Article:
Things just aren’t taught that much in detail in a First Responder course (heck I had to open the textbook, just to make sure I was naming things right).

I went through three of my First Responder Instructor books and the best I could find is that students would learn:

I don’t say all of this as an insult to First Responders or the program, it’s just they don’t need to know that much (even though some go on to higher level paramedics and learn more) because their biggest job is to stabilize someone until more advanced help arrives.

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Your Massage Knowledge Makes You A Better First Responder

When the player got to the hospital he immediately went into surgery. I don’t recall which tendons were repaired but it required surgery nonetheless.

It’s hard to know if it was just the initial skate blade cut that did it, or if it was once the player started wiggling his toes that caused the most damage.

If you’re working at sports events (or anywhere else for that matter) remember:

  • The people you are there for are YOUR responsibility  and you are in charge (along with other AT’s, Chiro’s, Physio’s that are working)
  • The average first responder or paramedic does not have the anatomical knowledge that you have
  • Put your knowledge to good use and don’t be afraid to help out, even when things are a little unsettling
  • Always keep your first responder license up to date

At most emergency scenes paramedics are in charge but in this case, when it comes to your players, you are the first line of care.

You have probably noticed at most big sporting events, the team trainers and doctors rush out onto the field, ice or track before any ambulance is there.

This is your scene and you pass it off to the paramedics or first aid team after your assessment and treatment, or when you need more help.

Remember to always be respectful when you’re dealing with first responders at these kind of events, it’s best to work together for the safety and outcome of your patients.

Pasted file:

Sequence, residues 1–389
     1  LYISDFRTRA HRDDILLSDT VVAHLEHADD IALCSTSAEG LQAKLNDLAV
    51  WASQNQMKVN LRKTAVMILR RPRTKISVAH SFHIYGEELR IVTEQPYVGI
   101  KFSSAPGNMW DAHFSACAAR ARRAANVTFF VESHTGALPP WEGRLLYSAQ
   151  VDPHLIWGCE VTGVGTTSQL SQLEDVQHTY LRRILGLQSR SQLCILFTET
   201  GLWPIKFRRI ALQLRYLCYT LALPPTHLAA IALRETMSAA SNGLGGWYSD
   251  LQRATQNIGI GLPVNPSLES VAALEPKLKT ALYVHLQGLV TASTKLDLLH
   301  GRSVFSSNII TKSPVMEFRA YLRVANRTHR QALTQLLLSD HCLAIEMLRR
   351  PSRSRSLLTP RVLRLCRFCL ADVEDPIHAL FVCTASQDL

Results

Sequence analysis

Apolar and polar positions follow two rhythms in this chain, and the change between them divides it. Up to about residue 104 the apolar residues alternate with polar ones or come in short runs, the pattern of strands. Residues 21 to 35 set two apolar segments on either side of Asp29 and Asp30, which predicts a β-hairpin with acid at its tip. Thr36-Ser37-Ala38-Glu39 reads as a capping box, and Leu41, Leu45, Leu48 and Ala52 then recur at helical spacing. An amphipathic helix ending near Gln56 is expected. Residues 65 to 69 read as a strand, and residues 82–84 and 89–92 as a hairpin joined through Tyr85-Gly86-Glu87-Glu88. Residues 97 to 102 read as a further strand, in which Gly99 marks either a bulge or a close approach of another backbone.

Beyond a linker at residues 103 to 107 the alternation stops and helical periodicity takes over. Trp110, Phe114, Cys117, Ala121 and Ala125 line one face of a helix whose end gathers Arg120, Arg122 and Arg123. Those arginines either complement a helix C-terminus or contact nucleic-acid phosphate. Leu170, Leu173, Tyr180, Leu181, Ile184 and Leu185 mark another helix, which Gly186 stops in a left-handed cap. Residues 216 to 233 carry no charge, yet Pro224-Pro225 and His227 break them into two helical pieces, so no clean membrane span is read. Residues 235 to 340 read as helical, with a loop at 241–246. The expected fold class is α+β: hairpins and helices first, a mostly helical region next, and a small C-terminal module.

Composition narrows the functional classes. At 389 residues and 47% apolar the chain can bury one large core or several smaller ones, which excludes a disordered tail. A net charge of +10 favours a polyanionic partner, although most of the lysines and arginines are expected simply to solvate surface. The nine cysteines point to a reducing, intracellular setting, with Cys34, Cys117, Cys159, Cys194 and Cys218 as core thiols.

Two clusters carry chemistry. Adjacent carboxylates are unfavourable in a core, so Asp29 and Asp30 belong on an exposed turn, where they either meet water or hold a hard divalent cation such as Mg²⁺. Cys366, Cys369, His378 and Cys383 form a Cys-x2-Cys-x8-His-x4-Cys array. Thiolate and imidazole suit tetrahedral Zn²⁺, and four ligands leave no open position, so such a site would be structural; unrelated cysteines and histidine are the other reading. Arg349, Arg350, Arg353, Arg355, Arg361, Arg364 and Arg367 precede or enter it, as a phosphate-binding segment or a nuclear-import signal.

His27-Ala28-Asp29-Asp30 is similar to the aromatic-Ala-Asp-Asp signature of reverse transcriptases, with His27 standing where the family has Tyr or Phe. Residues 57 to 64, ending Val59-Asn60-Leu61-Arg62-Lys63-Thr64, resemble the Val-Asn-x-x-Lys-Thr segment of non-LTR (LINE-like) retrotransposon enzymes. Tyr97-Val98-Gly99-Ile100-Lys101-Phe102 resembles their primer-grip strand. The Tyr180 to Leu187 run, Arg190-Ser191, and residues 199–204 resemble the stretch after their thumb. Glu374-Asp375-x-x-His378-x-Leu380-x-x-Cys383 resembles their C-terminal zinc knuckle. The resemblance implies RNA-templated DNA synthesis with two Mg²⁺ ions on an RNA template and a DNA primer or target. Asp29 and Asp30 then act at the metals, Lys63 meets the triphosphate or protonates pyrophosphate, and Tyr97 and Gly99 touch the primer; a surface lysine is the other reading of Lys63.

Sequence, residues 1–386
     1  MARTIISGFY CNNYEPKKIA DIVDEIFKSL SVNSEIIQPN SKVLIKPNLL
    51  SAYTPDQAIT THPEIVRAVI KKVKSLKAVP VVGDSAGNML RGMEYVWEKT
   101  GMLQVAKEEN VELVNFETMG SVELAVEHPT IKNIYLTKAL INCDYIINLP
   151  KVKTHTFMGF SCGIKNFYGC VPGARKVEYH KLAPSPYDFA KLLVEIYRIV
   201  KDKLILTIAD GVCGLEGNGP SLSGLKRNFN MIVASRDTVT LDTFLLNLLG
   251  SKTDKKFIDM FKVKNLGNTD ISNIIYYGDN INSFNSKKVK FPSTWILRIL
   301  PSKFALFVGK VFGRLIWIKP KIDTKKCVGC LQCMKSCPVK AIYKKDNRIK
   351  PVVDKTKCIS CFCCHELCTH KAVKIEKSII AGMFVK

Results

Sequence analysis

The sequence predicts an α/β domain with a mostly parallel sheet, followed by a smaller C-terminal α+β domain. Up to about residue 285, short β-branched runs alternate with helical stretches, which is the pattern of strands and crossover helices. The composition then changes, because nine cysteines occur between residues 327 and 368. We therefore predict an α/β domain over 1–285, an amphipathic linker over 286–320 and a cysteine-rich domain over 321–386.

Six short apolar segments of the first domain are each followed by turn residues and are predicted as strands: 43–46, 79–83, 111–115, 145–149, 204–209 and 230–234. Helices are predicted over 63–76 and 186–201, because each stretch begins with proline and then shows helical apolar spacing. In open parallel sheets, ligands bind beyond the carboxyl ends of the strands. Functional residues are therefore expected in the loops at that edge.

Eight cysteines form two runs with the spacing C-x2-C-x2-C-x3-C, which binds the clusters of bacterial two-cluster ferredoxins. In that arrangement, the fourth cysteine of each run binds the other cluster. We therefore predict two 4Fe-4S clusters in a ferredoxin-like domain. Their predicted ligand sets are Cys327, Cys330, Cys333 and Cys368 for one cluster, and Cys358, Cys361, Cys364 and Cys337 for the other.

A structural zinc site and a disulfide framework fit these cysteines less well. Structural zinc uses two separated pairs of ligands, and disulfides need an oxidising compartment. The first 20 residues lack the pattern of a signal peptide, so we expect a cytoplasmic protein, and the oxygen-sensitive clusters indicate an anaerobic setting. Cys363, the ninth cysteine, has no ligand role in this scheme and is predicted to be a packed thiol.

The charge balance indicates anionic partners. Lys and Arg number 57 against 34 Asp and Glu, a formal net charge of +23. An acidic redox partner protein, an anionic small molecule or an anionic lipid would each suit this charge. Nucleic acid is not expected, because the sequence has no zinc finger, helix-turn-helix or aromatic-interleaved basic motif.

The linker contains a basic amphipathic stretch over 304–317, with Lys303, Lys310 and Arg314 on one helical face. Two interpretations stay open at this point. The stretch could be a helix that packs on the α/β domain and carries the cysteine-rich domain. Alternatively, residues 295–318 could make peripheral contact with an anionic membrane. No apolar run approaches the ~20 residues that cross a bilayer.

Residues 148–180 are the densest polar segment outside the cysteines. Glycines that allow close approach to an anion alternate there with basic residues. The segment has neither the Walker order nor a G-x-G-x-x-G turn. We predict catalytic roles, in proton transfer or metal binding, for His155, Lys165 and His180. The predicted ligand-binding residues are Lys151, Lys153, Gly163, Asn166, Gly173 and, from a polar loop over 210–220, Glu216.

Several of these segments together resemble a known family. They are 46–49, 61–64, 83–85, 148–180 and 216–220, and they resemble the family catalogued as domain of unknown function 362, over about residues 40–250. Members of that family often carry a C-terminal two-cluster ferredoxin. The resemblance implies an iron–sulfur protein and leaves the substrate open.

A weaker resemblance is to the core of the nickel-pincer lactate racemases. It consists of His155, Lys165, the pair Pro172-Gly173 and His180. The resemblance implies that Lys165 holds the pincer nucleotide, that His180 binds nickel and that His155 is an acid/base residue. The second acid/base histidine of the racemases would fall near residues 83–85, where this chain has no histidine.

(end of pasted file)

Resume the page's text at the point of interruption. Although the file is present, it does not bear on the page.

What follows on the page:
Knowledge is a powerful thing. Using your anatomical knowledge will make for greater success in any emergency medical situation. However there should always be one person in charge of a scene. Usually whoever is most experienced should take control and direct the other medical team members what to do. Or whoever’s license is higher (I’m not about to tell one of the team Doctors what to do) since they will have far more training and experience. If you’re dealing with people who are less experienced, don’t be afraid to respectfully take control.

Looking at them and saying “who the hell is in charge here?” may not win you any points with them, but sometimes you just need to get your point across!

How Massage Therapists Can Deal With Compartment Syndrome

The cracking sound echoed through the arena.

He went down to block a shot and when the puck hit him, we knew it was bad.

He couldn’t put any weight on one leg. Once he started to get up a teammate helped him to the bench.

We carried him to the treatment room and started stripping and cutting gear off.

He had severe pain around his shin, where he had blocked the shot. We carefully cut away his shin pads and compression socks.

The area was getting swollen and red throughout his shin. We couldn’t feel a pulse in his foot.

I thought it looked bad, but didn’t realize just how bad. Fortunately I was surrounded by people with more experience who are much smarter than me (yes I know, that’s not difficult to find!). They immediately realized that the player had to go to the hospital.

What I thought was a contusion, could actually have been a life threatening emergency if not handled properly. After things calmed down and we got him sent to the hospital, I asked why this was such a big deal. In unison the team Doctor and head Therapist looked at me and said:

“Compartment Syndrome”

Recognizing Increased Compartment Pressure

When this happened I was still a student and honestly a pretty fresh student Massage Therapist.

I was fortunate enough to be able to start volunteering with a hockey team to get some sports experience. I had never heard the term “Compartment Syndrome” (aka: Volkmann’s Ischemia) at that point, or if I had, I didn’t remember it.

Later in Massage school we briefly talked about it, but more from the standpoint of how to treat it post surgery.

When we learned about it in school, we only talked about Compartment Syndrome happening around the shin. Turns out that it can happen in other compartments as well.

I learned that the forearm is another common place for it to happen because the Athletic Therapist used to quiz me on things like that.